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430EXii and the 1Dx


Can anyone from Canon offer an opinion or reason as to why the 1Dx does not have the capability to communicate wirelessly with the 430EXII? It seems strange that my 2 year old 7D can do it but yet the 1Dx cannot. Was this to force customers with this flash towards the 600EX-RT? I'm guessing that this has been a deliberate action by Canon, i.e. to make them incompatible for wireless communication. When I tried to hook them up I was baffled that the settings would not register the flash, turn on the 7D and there it is.


Strange decision Canon but an explanation would be appreciated.



Rising Star
Rising Star

Maybe I'm missing something, but the 7D uses its built-in flash to wirelessly act as a master flash to any compatible Speedlites, while the 1Dx doesn't have a built-in flash to do this regardless of Speedlite.  

JFO, you are correct, my error, I'd forgotten you need to have the pop up enabled.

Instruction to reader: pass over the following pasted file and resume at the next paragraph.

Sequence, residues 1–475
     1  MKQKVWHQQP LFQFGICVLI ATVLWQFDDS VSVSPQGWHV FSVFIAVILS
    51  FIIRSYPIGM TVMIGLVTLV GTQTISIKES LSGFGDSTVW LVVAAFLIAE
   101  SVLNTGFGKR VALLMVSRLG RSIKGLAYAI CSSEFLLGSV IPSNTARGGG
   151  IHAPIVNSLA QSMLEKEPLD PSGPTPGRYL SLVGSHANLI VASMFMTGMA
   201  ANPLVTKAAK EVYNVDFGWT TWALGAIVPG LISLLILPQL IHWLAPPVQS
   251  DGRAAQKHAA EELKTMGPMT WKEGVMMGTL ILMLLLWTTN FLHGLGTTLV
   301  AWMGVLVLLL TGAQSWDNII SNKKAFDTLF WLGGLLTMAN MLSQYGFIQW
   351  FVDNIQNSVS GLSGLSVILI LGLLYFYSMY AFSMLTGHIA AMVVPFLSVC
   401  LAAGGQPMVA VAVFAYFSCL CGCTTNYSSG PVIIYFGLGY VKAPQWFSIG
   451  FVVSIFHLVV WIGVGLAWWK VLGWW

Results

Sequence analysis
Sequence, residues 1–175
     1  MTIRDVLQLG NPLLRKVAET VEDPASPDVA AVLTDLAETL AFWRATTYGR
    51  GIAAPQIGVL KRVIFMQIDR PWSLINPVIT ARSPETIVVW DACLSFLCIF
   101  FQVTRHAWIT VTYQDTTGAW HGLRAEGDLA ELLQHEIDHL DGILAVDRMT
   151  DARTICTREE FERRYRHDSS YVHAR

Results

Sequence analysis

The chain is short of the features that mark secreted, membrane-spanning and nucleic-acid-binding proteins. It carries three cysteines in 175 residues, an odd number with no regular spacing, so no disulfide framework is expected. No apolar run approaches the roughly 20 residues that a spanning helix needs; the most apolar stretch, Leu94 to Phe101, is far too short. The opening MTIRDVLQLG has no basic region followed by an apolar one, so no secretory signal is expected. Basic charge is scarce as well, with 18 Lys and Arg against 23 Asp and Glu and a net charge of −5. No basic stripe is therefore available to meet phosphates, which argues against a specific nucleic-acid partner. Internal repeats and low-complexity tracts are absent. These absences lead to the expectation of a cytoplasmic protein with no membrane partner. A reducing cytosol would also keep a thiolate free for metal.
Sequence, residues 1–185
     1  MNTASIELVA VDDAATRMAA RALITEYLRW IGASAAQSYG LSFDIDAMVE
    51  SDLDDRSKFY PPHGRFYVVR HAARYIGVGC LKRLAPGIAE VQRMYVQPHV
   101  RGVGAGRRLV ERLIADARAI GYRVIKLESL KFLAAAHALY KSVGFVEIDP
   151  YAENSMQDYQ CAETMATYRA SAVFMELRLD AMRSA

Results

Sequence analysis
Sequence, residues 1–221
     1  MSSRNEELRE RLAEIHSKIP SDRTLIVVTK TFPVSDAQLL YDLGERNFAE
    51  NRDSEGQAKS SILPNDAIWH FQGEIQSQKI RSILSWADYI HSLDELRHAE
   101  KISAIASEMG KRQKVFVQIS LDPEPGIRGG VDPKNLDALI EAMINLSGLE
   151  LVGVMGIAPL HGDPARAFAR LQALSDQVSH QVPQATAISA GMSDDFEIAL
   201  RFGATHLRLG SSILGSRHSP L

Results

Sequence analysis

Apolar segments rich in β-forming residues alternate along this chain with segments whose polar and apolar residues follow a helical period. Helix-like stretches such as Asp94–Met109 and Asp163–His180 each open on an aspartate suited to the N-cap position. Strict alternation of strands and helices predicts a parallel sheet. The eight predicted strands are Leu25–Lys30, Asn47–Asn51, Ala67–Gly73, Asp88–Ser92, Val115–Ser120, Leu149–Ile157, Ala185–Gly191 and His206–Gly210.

Ah, gotcha.  I was a bit baffled, because for some of Nikon's pro bodies, I think they still have a pop-up flash, and I wasn't quite sure if that was the same for the 1D series since I haven't worked with them firsthand.  

If I remember correctly, the 7D and T3i's pop-up flashes can do wireless control, so I'd assume the T4i does also.  Not sure about the 60D, though. For the "pros", I think Canon is pushing for their new ST-E3-RT transmitter and 600EX-RT's -- great for someone with the $$ starting out or to sell their existing gear to upgrade, but I don't think Pocket Wizard / RadioPopper, etc are going out of business anytime soon. 

Currently the T3i (600D), T4i (650D), EOS 60D and EOS 7D all can use their pop-up flash to contol other speedlites using the pulsed light communication. 


There are some differences though.


T3i / T4i / 60D - control at most 2 groups of flash, Speedlite groups A and B

7D - control 3 groups of flashes Speedlite groups A, B & C.


None of the built-in flashes can force the slaves to high speed sync mode.


To be honest I think Canon missed a trick by not building an ST-E3-RT type transmitter inside the EOS-1D X, though maybe getting radio signals through the metal body was the issue.

Brian - Canon specialist trainer, author and photographer
I use British not American English, so my spellings may be a little different to yours